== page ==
We publish statistics on borrowing and deposits by households and businesses from banks and other sources. These statistics are used by our policy committees to understand economic trends and developments in the banking system.
The policy for placing footnotes on series breaks in Money and Credit data was revised for April 2019 data. From this date onwards, only methodology changes and significant revisions to previously published data will be routinely noted. For details of the reason behind series breaks, please see further details about changes, flows, growth rates data.
The money and credit data includes monthly data on the volume of mortgage lending to households. More detailed quarterly data on mortgage lending can be found in the Mortgage Lenders and Administrators statistical release and Return below. Please also see below Statistics article comparing the Bank’s different data on mortgages.
Quarterly data on secured and unsecured sterling money market activity.
We publish quarterly data on housing equity withdrawal – the balance of changes in the stock of secured lending and changes in the stock of housing wealth.
Our monthly notes and coin statistics show the amount of sterling banknotes and coins in circulation. We publish data on our reserves at the same time.
Write-offs are changes in the value of an institution’s assets resulting from the institution’s active decisions to revalue claims.
This annually updated dataset includes lending via government student finance schemes, which aren’t included in our other consumer credit data. Data is released around July each year.
The Bank of England manages the UK’s official reserves on behalf of the Government. We publish data on UK holdings of international reserves and foreign currency liquidity once a month.
Monthly data on advertised interest rates for a range of mortgage, consumer credit and deposit products offered to households.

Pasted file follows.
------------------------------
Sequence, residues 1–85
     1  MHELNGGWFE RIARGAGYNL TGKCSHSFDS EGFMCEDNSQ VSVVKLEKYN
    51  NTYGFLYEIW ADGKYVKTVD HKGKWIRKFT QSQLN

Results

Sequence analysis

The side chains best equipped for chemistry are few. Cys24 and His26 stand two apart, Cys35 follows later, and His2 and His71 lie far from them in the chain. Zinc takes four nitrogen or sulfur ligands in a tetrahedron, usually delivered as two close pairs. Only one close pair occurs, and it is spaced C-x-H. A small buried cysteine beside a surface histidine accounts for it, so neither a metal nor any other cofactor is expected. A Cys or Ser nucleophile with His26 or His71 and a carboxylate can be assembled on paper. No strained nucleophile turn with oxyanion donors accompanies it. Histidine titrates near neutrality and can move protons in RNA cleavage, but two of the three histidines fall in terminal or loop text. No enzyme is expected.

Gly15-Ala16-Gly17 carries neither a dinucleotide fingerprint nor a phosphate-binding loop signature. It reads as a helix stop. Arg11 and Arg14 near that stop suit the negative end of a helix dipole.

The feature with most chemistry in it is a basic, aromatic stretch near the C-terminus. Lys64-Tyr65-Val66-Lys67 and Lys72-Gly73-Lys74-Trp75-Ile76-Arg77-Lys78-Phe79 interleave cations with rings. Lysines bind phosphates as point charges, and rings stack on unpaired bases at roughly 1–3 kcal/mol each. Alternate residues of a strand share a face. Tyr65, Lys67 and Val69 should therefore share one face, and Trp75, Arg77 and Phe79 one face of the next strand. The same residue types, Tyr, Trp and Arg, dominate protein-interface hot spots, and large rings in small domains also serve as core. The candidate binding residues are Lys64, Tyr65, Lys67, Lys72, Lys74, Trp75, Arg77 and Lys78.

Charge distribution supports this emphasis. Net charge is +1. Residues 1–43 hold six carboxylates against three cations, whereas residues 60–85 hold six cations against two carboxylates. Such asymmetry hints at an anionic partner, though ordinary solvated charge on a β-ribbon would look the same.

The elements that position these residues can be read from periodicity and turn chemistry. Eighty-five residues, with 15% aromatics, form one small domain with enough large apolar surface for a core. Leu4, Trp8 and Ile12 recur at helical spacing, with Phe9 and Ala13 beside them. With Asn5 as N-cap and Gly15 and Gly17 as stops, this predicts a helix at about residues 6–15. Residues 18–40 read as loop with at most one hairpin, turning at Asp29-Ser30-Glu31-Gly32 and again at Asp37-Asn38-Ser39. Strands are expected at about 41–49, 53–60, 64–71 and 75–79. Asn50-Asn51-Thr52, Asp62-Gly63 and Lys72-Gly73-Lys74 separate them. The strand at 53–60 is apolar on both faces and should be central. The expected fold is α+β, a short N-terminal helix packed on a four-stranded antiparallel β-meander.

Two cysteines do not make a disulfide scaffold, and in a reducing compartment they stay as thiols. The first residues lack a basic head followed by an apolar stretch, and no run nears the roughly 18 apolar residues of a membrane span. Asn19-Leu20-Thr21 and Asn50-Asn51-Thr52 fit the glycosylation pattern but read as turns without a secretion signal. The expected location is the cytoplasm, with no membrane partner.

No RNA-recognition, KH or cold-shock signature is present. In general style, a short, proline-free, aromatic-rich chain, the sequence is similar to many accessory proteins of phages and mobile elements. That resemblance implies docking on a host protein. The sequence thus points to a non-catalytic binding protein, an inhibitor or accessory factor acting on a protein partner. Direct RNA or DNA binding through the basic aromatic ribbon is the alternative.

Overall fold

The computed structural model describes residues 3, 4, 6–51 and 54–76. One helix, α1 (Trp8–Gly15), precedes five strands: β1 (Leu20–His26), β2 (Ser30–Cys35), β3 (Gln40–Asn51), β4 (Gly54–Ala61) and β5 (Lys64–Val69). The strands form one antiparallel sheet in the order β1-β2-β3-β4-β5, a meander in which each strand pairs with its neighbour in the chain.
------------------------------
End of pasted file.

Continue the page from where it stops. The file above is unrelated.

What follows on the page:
Each month the Bank publishes data on effective interest rates. These show average interest rates across households and businesses deposit or loan accounts with UK banks and building societies.
The Bank publishes regular statistics on financial markets, MFIs’ income and expenditure, and MFIs’ external balance sheet. These include quarterly data on UK-owned MFIs’ consolidated worldwide claims, and quarterly data on UK resident MFIs’ income and expenditure, financial derivative positions, and claims and liabilities with non-residents. The Bank also publishes monthly estimates of capital issuance where UK resident MFIs act as the issuing agents.
Capital issuance statistics consist of UK-based primary market issuance of bonds, commercial paper and equity, representing finance raised in the UK.
This statistical release covers claims on and liabilities to non-residents by UK-resident banks and building societies (monetary financial institutions).
This statistical release covers the consolidated worldwide claims and unused commitments of UK-owned monetary financial institutions (excluding central bank) and their branches and subsidiaries worldwide.
Capital expenditure data measure MFIs cash expenditure on acquisitions, and cash receipts from disposals, covering assets both for firms’ own use and for leasing, hiring or renting out under finance leases.